The fifth edition of the "Space Resources Week", a large international conference devoted to the exploration and use of resources in space, started on Wednesday 19 April 2023 at Luxexpo The Box.
More than 1,300 people (including 400 in-person) registered to follow the various seminars and speeches of this event organised in the form of a three-day hybrid conference. On the opening morning, there were 150 people present on site and 900 live streaming.
Organised by the European Space Resources Innovation Centre (ESRIC), the Luxembourg Space Agency (LSA), the European Space Agency (ESA) and the Luxembourg Institute of Science and Technology (LIST), the conference aims to bring together representatives, of space agencies, research institutes, startups and industry (terrestrial and space). This year, the conference series focuses on the synergies necessary for the development of an inclusive ecosystem for the use of space resources, as well as on the means of accelerating the use of space for the benefit of humanity.
Luxembourg’s Minister of the Economy, Franz Fayot, delivered the opening speech, stating that “space is all about corporation and collaboration”. He described Luxembourg’s mission as one of connecting different space agencies and the space sector with other research, helping to build the space industry by forging connections and “fostering collaboration”. He noted the importance of space traffic management, debris management and the sustainability and inclusion of the space economy, highlighting that he is a “strong believer that space can help developing countries to improve”, concerning agriculture solutions and addressing droughts and floods. “We must make sure that smaller and medium countries also benefit,” the minister said, adding that smaller developing countries also need to get their own space legislation.
In the context of synergies, Minister Fayot expressed his excitement about the signing of the memorandum of understanding (MoU) with South Korea in 2022, aiming to promote and organise an exchange of information, personnel and expertise between the two countries in the areas of space science, technology and applications.
Minister Fayot’s speech was followed by addresses and presentations by several international speakers.
Bill Nelson, NASA administrator, addressed the audience via a recording, stating: “We are aiming to push the limits of what we know to be possible.” He added that NASA is proud to partner with Luxembourg and other nations to “drive an economy that will benefit all of humankind.”
Josef Aschbacher, ESA Director General, highlighted, also via recorded message, the importance of space commercialisation, stressing the need for a “suitable and shared legal framework” and the opportunity for further achievements with the aim of opening up new markets.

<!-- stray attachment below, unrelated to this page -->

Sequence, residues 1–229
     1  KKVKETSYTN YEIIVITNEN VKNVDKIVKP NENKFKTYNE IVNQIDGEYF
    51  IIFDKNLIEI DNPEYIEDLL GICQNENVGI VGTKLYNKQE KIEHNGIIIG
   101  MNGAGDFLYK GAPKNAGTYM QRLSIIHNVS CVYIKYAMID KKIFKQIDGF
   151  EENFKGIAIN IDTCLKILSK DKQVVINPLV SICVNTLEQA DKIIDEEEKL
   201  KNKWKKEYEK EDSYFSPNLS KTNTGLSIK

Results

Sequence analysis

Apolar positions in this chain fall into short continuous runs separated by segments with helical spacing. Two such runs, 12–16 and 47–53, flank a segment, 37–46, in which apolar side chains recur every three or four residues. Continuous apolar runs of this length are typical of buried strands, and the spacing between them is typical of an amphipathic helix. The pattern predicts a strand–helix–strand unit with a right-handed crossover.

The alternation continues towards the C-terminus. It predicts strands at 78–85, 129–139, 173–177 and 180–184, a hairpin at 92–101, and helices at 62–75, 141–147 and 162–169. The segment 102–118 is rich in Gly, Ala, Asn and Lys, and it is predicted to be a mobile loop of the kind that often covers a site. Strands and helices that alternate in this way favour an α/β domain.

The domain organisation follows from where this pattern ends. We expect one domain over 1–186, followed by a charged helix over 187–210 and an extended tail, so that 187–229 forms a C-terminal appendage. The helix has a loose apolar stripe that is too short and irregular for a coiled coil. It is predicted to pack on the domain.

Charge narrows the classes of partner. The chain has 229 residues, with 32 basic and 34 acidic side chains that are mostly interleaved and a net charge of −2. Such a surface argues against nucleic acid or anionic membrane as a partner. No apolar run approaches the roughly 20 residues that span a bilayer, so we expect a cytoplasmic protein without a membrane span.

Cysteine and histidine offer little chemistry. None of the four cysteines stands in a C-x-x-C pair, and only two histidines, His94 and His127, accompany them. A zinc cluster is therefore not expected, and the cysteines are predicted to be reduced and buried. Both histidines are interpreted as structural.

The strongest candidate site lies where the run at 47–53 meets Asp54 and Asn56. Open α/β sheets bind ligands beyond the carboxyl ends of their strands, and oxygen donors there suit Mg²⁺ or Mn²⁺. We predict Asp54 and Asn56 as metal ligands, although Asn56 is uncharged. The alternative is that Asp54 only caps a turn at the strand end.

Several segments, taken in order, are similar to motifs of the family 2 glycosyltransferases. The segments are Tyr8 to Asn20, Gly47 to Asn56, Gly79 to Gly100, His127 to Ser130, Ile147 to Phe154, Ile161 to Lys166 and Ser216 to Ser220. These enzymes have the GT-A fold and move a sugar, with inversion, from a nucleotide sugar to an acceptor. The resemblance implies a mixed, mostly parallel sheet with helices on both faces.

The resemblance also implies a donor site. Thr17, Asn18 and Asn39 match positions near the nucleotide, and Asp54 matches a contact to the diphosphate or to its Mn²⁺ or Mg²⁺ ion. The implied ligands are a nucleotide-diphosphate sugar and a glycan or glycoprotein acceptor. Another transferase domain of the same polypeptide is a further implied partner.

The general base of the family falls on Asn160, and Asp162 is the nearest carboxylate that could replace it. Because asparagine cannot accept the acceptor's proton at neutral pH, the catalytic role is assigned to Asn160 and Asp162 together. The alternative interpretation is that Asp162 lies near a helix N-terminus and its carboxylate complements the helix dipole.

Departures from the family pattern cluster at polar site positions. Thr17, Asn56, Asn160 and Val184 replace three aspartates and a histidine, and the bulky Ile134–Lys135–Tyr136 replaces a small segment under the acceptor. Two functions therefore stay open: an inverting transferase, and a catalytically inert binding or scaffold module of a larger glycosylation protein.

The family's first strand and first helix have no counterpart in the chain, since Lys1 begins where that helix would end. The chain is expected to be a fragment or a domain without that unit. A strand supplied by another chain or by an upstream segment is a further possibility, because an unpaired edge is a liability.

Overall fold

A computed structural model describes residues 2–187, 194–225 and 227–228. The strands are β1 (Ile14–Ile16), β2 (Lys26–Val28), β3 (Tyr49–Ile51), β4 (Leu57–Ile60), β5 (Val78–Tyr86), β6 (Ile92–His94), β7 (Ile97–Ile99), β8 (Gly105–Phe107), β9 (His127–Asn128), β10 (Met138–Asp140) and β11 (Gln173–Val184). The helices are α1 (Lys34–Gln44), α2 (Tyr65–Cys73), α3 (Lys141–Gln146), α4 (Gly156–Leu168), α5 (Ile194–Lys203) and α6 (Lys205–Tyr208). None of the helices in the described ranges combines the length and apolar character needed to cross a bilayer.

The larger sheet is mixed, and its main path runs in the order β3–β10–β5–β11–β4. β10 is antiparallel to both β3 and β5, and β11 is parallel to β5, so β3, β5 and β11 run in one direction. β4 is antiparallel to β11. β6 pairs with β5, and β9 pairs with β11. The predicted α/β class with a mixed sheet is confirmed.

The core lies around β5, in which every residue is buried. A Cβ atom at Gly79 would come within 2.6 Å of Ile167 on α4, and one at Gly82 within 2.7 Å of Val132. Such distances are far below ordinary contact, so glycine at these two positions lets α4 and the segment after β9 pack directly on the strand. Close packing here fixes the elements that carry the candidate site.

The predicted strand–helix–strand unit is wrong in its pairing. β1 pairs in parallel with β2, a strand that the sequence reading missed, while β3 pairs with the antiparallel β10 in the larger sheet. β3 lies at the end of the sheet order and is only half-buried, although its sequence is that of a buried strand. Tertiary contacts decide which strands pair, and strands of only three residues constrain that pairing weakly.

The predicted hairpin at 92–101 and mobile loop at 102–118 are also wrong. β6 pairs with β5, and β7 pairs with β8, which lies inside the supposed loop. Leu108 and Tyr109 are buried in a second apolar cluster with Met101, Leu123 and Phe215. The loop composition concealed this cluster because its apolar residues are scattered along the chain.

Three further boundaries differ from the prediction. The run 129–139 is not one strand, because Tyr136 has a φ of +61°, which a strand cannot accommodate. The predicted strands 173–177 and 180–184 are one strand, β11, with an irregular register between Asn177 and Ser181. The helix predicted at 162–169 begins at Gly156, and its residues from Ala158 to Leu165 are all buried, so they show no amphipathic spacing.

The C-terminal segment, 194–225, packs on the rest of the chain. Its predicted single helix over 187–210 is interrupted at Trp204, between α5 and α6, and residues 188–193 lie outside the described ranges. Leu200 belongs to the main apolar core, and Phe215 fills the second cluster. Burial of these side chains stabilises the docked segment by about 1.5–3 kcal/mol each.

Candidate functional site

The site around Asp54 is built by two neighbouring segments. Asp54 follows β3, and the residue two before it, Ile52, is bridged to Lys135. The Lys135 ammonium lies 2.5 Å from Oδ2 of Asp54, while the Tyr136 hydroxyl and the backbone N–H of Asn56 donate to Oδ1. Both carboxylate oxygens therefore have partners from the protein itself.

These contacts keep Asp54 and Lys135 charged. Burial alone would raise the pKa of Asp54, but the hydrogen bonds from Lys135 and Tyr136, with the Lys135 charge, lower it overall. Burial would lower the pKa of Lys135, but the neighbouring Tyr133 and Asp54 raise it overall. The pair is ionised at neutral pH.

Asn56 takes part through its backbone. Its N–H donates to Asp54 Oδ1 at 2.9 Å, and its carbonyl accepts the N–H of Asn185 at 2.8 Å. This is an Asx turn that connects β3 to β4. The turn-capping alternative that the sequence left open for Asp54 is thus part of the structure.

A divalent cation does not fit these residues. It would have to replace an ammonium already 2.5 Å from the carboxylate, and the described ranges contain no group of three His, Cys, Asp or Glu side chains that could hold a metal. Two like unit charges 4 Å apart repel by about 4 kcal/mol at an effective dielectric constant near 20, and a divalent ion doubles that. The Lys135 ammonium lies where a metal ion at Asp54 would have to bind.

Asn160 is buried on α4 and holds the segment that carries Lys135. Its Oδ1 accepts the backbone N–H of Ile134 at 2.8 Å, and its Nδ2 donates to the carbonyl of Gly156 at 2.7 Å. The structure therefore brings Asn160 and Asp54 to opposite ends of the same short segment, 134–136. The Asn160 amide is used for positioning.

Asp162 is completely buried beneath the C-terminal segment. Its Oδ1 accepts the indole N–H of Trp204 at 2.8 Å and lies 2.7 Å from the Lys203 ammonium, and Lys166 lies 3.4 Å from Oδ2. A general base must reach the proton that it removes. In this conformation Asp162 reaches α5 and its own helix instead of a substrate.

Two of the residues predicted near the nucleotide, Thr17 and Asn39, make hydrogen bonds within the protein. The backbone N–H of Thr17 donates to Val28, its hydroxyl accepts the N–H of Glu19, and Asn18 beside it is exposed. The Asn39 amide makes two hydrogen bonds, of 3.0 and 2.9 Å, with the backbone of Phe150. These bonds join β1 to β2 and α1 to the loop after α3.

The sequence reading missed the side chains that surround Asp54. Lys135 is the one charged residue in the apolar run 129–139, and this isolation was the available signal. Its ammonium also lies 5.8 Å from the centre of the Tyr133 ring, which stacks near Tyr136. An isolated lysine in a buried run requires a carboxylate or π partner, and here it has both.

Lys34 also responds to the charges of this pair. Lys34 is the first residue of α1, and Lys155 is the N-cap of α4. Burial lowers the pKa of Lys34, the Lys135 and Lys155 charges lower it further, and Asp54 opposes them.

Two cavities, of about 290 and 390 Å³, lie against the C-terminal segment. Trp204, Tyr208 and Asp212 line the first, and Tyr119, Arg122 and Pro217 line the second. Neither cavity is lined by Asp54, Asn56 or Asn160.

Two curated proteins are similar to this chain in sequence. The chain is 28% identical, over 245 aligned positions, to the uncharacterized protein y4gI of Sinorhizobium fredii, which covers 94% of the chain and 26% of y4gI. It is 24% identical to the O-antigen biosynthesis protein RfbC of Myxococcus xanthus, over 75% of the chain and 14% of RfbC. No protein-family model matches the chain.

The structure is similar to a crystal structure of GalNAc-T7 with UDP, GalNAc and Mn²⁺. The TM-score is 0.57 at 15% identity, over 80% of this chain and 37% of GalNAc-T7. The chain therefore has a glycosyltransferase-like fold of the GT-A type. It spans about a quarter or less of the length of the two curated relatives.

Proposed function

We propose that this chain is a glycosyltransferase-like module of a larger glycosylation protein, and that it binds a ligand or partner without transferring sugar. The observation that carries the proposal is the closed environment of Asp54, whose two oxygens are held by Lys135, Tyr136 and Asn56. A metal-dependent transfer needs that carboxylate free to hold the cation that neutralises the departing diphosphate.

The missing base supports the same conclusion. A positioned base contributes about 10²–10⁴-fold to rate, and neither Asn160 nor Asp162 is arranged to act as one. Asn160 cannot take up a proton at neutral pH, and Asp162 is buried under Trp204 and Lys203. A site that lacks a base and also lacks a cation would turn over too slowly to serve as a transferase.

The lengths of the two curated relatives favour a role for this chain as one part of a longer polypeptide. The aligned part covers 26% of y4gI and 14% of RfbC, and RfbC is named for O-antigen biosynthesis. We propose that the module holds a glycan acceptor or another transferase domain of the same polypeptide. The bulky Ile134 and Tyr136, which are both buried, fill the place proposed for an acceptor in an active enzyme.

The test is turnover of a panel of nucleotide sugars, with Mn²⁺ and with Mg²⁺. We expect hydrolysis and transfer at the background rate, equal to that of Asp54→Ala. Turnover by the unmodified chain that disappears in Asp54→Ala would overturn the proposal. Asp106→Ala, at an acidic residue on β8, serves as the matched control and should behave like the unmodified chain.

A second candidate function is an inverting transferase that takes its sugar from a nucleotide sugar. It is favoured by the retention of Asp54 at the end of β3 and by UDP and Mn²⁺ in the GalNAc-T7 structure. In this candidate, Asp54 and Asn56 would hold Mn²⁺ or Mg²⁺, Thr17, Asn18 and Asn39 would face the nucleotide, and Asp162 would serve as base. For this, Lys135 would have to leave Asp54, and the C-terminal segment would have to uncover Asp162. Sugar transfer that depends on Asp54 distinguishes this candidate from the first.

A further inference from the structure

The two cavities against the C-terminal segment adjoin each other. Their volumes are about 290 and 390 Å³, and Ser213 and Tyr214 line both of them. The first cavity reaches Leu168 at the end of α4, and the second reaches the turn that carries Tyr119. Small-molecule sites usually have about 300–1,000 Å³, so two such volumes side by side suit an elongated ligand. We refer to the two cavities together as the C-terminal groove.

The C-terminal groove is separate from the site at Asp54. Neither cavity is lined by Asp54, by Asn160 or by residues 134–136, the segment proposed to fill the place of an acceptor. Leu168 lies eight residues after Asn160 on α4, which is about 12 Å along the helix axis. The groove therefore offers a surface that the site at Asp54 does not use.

Several in-person addresses followed. Bernhard Hufenbach, ESA Head of the Strategic Planning Office, presented the need for a fully commercial approach in view of developing the necessary, radically different tactics to efficient ways of transporting goods and humans into space, and for developing and operating infrastructure in this area for science and applications.
Next, ESRIC Director Dr Kathryn Hadler, presented the European Space Resources Innovation Centre, pointing out that their small, diverse team of sixteen comprises twelve nationalities, is 44% female and based in Esch-Belval. The organisation has been taking part in research projects since 2018 and is involved in a commercialisation pillar involving startup support programmes.
Gerald Sanders, Lead of NASA’s In-Space Resource Utilisation (ISRU), mentioned the release of their moon to mars objective (M2M) and introduced the challenge and necessity of reaching these set objectives sustainably in a circular economy. He pointed out that their timeline delayed because of budget issues, leading to the decision to focus on the extraction of metal and oxygen instead of water. He stressed that full-scale production is the end goal, with the priorities of undertaking those demonstrations on other planets, gaining experience on earth, finding and mapping resources and responsible practices on the lunar surface.
Dr Kyeong Ja Kim, researcher at the Korea Institute of Geoscience and Mineral Resources, presented an introduction of the KGRS, a system that collects data every ten seconds, measuring data such a ray bursts and solar activity. This led to the discovery of a dying massive star or the birth of a blackhole in October 2022. She clarified that this technology enables researchers to monitor radiation and to study space weathering, and she illustrated her findings with high-resolution photographs from deep space. She noted the future project target of locating water and volatiles.
The morning session ended with an address by ESA astronaut Matthias Maurer, a German national, who pointed out that from space, borders are invisible, thus underlining the importance of synergies in view of space exploration.
Space Resources Week is taking place as a hybrid event from Wednesday 19 to Friday 21 April 2023. The detailed programme can be viewed at https://www.spaceresourcesweek.lu/.